The hardware is sophisticated so that each nozzle is independently controlled by the computer technology. The farmer only puts fertilizer or pesticide where it is needed, saving costs. It also contributes to sustainability efforts which include using fewer resources and lessening pollution of our waterways.


The planter on the Jeschke Farm

On the Jeschke Farm, a particular corn spacing was 6.1 inches. Planting is very precise and that is important for reasons that were explained to us.

Along with soil data, farmers collect yield data. The combines have on-board computers that collect real-time harvest yield data and immediately upload it to the cloud.


Real-Time Yield Data (corn harvest 2014)

The photo above is actually a tablet in the farmer’s hand as we sat in his pick-up truck near the field. He was using an app to pull the real-time harvest data from the cloud so that we could look at what the combine, in the field, was doing in real-time. It was fun to watch. This same exact screen image is also in the cabs of the combine and auger tractor where the operators watch the data as it is collected.


Combine & Auger Trailer on Martz Family Farm

In October, I rode along with Chris Gould in his combine as he was harvesting corn. Watching the corn stalks get sucked into the combine is a little repetitive after not too much time, so I was pondering what it would be like to do this all day, and I asked him, “when you’re up here in the cab, is there anything in particular you are looking for as you drive through the field?” He said that most commonly they look for pest damage, often rootworm, and explained what that might look like. Just a few minutes later, we came to a rather large swath that was knocked over, just as he described. He pointed out on the computer monitor how big of an effect that swath had on his yield. The swath went from green to yellow on the screen and the bushel count dropped significantly. To a farmer who is always trying to make each field as productive as possible, that is a let down. It’s wasted time and resources with little or no return on investment.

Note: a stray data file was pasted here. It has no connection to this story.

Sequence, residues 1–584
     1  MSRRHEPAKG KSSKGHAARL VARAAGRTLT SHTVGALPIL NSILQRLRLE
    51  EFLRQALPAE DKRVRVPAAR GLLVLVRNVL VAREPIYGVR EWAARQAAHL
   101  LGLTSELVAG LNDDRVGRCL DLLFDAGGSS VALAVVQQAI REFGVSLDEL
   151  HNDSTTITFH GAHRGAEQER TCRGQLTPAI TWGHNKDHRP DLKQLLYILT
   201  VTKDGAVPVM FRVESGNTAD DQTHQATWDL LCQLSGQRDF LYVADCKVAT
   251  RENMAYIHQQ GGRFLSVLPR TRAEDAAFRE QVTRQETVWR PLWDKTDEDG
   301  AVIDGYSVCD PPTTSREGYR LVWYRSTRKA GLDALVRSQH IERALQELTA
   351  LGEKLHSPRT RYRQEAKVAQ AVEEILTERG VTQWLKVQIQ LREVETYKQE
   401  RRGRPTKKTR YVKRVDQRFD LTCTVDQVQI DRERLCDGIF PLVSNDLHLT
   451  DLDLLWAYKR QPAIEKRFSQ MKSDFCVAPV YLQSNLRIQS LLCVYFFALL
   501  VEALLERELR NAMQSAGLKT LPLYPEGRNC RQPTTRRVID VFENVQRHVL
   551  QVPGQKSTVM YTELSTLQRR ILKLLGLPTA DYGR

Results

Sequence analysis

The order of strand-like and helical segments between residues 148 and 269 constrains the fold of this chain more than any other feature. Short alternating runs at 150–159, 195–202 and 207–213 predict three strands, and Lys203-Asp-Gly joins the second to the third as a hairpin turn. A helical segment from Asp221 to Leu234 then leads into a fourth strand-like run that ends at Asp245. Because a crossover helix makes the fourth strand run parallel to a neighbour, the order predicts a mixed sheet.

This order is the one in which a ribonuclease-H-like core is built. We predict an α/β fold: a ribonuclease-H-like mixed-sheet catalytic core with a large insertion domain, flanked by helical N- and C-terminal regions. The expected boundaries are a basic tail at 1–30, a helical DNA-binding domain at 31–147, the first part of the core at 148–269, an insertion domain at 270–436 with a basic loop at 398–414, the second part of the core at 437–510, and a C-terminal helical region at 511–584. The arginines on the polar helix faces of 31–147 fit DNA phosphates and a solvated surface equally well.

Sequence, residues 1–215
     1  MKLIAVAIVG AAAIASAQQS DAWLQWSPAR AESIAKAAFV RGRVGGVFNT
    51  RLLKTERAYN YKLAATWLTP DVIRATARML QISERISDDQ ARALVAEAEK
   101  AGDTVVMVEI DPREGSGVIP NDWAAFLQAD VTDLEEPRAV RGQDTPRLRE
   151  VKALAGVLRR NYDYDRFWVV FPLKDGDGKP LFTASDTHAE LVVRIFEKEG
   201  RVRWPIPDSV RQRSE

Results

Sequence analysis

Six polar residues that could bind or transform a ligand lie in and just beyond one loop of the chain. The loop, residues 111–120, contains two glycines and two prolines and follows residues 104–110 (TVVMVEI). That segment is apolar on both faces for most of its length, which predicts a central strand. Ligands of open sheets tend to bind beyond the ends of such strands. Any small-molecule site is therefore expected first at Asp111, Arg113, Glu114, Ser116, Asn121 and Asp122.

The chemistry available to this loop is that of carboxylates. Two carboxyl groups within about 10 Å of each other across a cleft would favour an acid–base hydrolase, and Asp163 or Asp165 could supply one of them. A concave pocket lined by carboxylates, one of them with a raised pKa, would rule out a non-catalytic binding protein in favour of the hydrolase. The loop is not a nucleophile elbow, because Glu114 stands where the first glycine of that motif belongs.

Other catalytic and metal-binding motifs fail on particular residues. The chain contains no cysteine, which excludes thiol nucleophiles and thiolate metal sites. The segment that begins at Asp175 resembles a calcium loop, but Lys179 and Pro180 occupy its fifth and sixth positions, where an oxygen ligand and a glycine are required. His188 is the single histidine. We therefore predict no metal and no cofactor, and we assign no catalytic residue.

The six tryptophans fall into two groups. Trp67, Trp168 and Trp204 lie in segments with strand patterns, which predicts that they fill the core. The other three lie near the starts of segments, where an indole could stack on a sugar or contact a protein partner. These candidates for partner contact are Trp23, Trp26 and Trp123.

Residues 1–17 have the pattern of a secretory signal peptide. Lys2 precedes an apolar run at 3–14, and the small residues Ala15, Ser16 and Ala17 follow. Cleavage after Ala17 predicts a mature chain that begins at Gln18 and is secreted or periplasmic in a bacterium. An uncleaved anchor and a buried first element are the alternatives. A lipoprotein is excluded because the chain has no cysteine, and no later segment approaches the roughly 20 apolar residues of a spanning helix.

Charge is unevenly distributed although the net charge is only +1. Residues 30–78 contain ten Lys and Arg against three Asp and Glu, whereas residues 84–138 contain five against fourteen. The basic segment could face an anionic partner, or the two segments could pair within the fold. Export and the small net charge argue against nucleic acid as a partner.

Corn Harvest 2014 on Martz Family Farm

After they've collected the yield data and put it together with the soil data, they use the technology to evaluate what seeds are working where, what soils may be lacking nutrients, what areas are problems – maybe with insect pests or weeds, what worked and what didn't, and then the cycle starts once again as they plan for the next planting season and create their prescription maps for fertilizing, planting, and crop-protection.

Heather Guido
Oak Park, Illinois

Heather is one of the Illinois Farm Families 2014 Field Moms. Throughout the year she visits Illinois farms to learn more about where food comes from. Following each visit, the Field Moms share their thoughts by blogging about what they experience on these farms. Want to learn more? Read Our Story: Chicago Moms Meet Farmers. Read more from Heather on her blog, Field Mom Journal.


Dec 13 2014

10 Most Fascinating People in Farms & Food, 2014 - Part 3

Along with Christmas trees, holy nights and candy canes, top 10 lists are making the rounds. Even though last year was supposed to be Barbara Walters’ last 10 Most Fascinating People, she’s got a new list coming in a week. So, I thought I’d put together another list as well. Here are my thoughts on the 10 Most Fascinating People in Farms & Food, 2014. Keep in mind fascinating means interesting and or charming. Who would you add?

3) Mr. Petitt, my agriculture teacher

Mr. Petitt represents the old-school high school ag teacher and FFA advisor, spending every hour in his class with his students teaching lessons not found in books. He was my teacher and one reason why I can’t stop talking about agriculture today. Although farms and food are in the spotlight, agriculture education is disappearing from our schools, not necessarily because of lack of funding or interest but because we can’t find the teachers. #TeachAg is the national campaign designed to showcase the value of a career teaching students the facts of farms and food in order to refute the fiction. Ag teachers are a dedicated bunch. I was lucky enough to learn from one of the greats. Thank you, Mr. Petitt.

2) Farmers who share their stories

Sharing the why and what of farming isn’t too difficult. Farmers & ranchers are doing so in droves, adding blogs, Instagram feeds and twitter handles to the social media universe. They share about tractors, seeds, cows and pigs. They talk about soil, business partners, pesticides, growing seasons and investments. In general, farmers and ranchers have peeled back the veil and opened the gates to every inquisitive mind.